- Executive Functioning Issues: Dyslexia can spill over into other learning processes in the child, too. Functions of flexible thinking, working memory, and organization can also get affected due to dyslexia.
- Processing Speed: Children with dyslexia are unable to process anything quickly, so the child is generally slow to respond to any form of information they receive. A lack of basic reading skills and difficulties in understanding what they have read can make life harder for the children.
- Auditory Processing Disorder: The ability of the child to comprehend what he hears is also affected by the onset of dyslexia. In dyslexic children, this causes an inability to differentiate between letter sounds and in sounding out new words.
- Visual Processing Cues: Parents of dyslexic children most commonly hear complaints from their children about letters ‘hopping around’ on the page. This occurs as a result of problems with visual processing and can result in blurry vision and problems in writing letters from memory.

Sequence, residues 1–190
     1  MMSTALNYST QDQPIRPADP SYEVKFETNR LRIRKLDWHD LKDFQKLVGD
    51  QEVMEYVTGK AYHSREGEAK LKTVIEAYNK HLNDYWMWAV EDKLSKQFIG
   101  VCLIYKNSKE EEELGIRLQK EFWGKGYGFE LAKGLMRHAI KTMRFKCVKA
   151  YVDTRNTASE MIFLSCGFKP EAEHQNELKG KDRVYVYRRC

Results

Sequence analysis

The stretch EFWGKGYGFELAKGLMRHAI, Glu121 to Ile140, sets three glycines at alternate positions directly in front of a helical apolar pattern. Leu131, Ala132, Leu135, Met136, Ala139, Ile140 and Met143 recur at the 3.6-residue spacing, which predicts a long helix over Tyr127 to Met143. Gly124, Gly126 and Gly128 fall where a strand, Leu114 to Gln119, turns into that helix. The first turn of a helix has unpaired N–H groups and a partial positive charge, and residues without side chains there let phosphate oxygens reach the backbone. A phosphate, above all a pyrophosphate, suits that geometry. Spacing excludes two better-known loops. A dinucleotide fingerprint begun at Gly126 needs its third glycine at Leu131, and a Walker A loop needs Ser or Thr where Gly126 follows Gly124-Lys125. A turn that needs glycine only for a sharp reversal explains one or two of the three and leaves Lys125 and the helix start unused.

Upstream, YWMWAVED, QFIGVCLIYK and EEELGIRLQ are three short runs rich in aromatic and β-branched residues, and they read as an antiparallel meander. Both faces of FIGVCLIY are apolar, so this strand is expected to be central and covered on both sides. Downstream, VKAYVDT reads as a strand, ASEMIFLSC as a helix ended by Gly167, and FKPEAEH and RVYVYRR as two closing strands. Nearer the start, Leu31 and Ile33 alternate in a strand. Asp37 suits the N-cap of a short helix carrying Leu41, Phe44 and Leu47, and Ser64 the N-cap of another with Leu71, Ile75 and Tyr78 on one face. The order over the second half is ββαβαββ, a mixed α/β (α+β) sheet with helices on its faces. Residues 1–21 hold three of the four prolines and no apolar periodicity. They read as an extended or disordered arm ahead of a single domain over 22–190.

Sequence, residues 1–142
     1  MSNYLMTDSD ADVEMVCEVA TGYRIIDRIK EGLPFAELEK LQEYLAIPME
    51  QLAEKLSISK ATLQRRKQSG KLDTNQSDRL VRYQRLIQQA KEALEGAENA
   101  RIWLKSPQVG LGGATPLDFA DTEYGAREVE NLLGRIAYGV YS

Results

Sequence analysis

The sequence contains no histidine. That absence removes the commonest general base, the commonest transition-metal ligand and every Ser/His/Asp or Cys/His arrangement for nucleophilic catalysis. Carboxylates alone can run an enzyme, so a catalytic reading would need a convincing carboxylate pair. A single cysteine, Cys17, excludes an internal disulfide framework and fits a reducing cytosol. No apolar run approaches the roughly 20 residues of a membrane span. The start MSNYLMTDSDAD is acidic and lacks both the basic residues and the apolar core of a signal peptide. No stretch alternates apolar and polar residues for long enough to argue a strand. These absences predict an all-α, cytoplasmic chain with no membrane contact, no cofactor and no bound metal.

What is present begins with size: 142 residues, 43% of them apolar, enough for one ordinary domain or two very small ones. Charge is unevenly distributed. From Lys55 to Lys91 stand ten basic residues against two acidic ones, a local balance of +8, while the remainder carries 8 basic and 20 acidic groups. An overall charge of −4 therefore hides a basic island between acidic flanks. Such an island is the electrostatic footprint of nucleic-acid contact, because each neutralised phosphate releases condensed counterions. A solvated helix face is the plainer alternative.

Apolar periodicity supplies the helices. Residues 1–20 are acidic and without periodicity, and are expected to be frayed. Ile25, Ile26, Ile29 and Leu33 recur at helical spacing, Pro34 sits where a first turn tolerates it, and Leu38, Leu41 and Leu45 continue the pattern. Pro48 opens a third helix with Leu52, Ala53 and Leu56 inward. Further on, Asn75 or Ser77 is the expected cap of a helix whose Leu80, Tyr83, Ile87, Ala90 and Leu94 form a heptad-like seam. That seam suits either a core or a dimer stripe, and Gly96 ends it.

- Dysgraphia: Children have issues with organizing their thoughts on paper. Therefore, the child is unable to spell properly or form letters and numbers.
- Dyscalculia: Math skills are also affected. Some children are unable to count while having dyslexia.
Dyslexia Diagnosis in Children
The only sure way to check if your child has dyslexia is to make him undergo a full, comprehensive evaluation. You have to remember to check for any other medical problems associated with vision and hearing which may be causing these symptoms. The diagnosis can be carried out by school psychologists, clinical psychologists, or paediatric neuropsychologists. The process is done using tests, and any other issues affecting the child might also be evaluated. Parents may be required to fill in details of any family history in dyslexia if required.
Negative Effects of Dyslexia on Kids
Children affected with dyslexia not only have a hard time performing in academics but also have difficulties in other walks of life. Inability to speak quickly and do basic math can hinder social interactions, which leads to frustration in the child. The child may also feel overwhelmed with the world at large, considering the number of letters one has to comprehend in order to get through the day.